The New "High Level" Management Plan
Parks Canada has a new format for management plans, new plans are now "high level plans" - listing a set of general objectives but containing no information on how Parks Canada plans to meet those objectives. There is a significant worry with this new format since it doesn't contain any accountability. From a jaded perspective, one could say that Parks Canada management plans aren't worth the paper they are written on, since, as we've seen with the Rideau Canal, there apparently isn't any consequence to abandoning an existing plan such as Parks Canada did on the Rideau Canal when it changed the structure to Ontario Waterways in 2012.
However, it is one of the very few opportunities that Parks Canada provides for public input (they are forced to, it's a legislated requirement). But as you can see from the updates listed at the top of this page, it has not been a smooth process. Parks Canada has not resourced Ontario Waterways to be able to effectively do a plan in a proper and timely manner. An effort to complete the plan by 2017, changed to 2018, and now to 2019.
For examples of high level plans, and how bad they are, have a look at the new plans for Fort Wellington National Historic Site Plan and the Lachine Canal National Historic Site:
It's a legislated requirement under the Parks Canada Agency Act to "provide the Minister with a management plan for that national historic site or other protected heritage area in respect of any matter that the Minister deems appropriate, including, but not limited to, commemorative and ecological integrity, resource protection or visitor use ..." Try to find the words "Commemorative Integrity" in either the Fort Wellington or Lachine canal plans (hint, you won't, those words aren't there)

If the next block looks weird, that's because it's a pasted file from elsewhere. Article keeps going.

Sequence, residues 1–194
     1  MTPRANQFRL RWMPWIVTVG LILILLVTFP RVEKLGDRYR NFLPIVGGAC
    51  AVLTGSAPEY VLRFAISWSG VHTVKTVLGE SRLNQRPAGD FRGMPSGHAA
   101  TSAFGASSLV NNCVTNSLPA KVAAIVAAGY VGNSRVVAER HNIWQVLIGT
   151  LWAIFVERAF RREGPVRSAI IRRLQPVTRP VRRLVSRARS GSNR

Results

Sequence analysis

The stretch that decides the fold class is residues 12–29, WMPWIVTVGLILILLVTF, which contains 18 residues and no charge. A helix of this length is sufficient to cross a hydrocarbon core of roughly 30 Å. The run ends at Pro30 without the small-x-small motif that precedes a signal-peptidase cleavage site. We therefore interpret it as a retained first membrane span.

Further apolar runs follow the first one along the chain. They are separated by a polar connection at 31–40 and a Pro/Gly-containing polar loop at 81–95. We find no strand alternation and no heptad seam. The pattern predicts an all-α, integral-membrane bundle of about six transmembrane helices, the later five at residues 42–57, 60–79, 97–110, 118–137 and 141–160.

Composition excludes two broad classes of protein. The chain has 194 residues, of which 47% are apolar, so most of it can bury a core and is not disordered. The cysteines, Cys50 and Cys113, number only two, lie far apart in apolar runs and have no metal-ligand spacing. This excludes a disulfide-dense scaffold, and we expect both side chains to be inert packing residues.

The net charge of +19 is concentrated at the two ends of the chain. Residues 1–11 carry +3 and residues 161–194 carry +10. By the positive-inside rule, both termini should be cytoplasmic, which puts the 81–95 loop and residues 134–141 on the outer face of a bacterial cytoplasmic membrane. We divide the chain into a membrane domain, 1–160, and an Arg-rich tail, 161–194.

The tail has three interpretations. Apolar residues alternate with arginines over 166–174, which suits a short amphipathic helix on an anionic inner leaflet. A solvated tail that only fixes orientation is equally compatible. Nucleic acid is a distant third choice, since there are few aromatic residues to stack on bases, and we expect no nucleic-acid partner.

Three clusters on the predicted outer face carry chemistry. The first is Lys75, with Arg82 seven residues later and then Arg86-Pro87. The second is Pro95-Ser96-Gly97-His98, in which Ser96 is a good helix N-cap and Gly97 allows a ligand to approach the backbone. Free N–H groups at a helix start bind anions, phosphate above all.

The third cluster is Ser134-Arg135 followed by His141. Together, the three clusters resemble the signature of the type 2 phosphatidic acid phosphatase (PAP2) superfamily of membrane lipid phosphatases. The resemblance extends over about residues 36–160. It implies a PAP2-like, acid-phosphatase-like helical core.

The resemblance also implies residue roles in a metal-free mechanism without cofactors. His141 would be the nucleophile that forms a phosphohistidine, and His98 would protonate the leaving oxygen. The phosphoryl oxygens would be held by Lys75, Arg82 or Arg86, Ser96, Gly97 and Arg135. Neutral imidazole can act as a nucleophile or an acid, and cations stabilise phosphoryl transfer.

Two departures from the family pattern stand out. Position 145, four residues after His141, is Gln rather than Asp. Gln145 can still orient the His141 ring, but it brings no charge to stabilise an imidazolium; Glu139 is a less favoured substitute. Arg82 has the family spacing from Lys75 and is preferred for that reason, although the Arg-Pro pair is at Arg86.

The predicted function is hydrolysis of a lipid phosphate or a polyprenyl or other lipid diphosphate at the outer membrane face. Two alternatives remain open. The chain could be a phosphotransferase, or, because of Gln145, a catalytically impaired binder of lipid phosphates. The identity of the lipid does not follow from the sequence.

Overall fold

The 2016/17/18/19 New Management Plan
Whether or not one believes that Parks Canada will in fact follow its own management plan, it is still very important for the public to participate in the process. In the spring of 2016, Parks Canada initiated the process of creating a new management plan for the Rideau Canal. It's been a bit of a rocky start, in part since Parks Canada's management plan general template doesn't fit the Rideau Canal and in part since those charged with doing the plan are still on the learning curve for what the management elements of the Rideau Canal National Historic Site should be, a site that is currently not in a state of Commemorative Integrity, in part because of a flawed management structure.
That learning curve was evident in the Open Houses that were held in June and early July 2016 as the initial part of public input into the management plan. A set of poster boards was used to show various elements of the current management of the Rideau Canal. Notable by its general absence was heritage and the words "commemorative integrity" were only used once (in reference to some present day repairs and reconstruction). In fairness to those creating the listing, the boards did in part reflected the current management of the Rideau Canal, but not what Parks Canada should be doing to restore the Rideau Canal to a state of commemorative integrity, which must be core to any new plan (it's a legislative requirement).